Introductory Note:

What is a pastor’s job? Miriam Dixon had years of pastoral experience before a crisis in her congregation brought her face to face with two erroneous assumptions she had made about the pastoral role. Mimi has written a letter sharing the reorienting message she received from Jesus in hopes that these words might encourage pastors and leaders in our midst.

Renovaré Team

Dear pastor,

You may have seen a recent Barna study that says over a third of all U.S. pastors are considering leaving the ministry1. Perhaps you are one of them. After serving as a senior pastor for 34 years, I can relate to many of the challenges you are facing in this season and I’m concerned about you. That’s why I’m writing this letter. Think of it as a personal note of encouragement from one pastor to another.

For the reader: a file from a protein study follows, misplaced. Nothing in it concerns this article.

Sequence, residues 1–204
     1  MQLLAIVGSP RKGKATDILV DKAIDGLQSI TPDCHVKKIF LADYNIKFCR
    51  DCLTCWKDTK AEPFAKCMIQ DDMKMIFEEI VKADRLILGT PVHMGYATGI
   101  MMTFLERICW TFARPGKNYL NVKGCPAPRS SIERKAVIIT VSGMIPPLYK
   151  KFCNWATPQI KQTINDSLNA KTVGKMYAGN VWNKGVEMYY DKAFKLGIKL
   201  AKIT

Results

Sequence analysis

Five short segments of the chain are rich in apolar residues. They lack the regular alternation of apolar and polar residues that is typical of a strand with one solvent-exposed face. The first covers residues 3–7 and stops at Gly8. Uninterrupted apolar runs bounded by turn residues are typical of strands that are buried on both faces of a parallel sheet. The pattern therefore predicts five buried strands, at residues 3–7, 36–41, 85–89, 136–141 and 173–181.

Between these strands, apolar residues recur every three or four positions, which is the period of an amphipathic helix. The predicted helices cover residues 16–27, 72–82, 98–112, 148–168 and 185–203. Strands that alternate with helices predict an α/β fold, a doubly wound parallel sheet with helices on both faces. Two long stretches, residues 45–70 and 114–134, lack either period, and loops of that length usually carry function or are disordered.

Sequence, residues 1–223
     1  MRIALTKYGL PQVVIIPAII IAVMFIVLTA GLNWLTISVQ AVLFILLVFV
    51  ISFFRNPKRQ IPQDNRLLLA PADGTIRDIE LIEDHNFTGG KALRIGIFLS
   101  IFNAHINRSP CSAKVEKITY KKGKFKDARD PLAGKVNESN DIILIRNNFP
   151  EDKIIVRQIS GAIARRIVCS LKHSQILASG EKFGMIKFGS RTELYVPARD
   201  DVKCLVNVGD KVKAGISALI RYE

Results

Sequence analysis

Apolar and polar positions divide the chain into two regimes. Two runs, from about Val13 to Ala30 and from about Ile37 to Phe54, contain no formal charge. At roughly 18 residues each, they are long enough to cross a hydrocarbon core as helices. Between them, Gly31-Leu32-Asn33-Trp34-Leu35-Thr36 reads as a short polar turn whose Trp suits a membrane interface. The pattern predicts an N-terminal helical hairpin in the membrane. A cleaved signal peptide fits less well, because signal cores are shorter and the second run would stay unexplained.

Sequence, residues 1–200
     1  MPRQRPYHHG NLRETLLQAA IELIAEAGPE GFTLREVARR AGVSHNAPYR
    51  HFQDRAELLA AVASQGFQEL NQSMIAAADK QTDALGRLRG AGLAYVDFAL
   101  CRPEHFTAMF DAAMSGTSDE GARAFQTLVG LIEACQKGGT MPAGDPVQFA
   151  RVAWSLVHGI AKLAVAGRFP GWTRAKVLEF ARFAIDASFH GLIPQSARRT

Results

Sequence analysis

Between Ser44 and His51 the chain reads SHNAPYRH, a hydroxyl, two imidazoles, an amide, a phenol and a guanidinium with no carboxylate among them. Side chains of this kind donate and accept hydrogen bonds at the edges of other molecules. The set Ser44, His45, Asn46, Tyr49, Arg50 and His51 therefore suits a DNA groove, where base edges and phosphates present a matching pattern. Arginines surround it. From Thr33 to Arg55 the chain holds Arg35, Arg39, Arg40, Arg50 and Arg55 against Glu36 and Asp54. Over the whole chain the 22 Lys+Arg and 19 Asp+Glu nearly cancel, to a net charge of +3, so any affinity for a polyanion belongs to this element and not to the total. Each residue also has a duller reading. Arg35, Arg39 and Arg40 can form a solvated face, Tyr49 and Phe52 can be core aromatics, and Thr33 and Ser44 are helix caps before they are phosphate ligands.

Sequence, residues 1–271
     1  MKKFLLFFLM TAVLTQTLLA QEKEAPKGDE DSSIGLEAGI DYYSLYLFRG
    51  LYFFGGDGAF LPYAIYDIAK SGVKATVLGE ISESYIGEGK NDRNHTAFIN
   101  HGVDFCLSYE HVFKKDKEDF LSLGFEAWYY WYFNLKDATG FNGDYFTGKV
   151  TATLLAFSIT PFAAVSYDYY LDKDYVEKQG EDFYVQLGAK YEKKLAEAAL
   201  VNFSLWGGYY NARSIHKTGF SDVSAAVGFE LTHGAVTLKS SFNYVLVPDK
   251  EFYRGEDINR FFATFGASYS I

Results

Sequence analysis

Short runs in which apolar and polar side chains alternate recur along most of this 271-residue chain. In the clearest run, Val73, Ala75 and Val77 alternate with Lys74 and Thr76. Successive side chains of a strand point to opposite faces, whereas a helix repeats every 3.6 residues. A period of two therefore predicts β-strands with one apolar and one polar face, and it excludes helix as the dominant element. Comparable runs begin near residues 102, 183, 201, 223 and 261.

In the past few years, everything and everyone has been disrupted. But as pastors, the pressure is singular. Our people are looking to us to help them stay grounded in God and find their way through the storms of change. Afraid, they are unsettled and prickly. They look to us for help in a time when, honestly, we ourselves are struggling for perspective.

If I could tell you just one thing, it would be this: Keep First Things First. This message anchored me when I was reeling from the relentless impact and dismay of church conflict.

I was seventeen years into my ministry as pastor of a church in Colorado when storm clouds began to gather and the wind picked up. There were early warning signs that something was brewing, but in my busyness I paid little attention. Then, almost overnight, our church was plunged into a blizzard of complaint.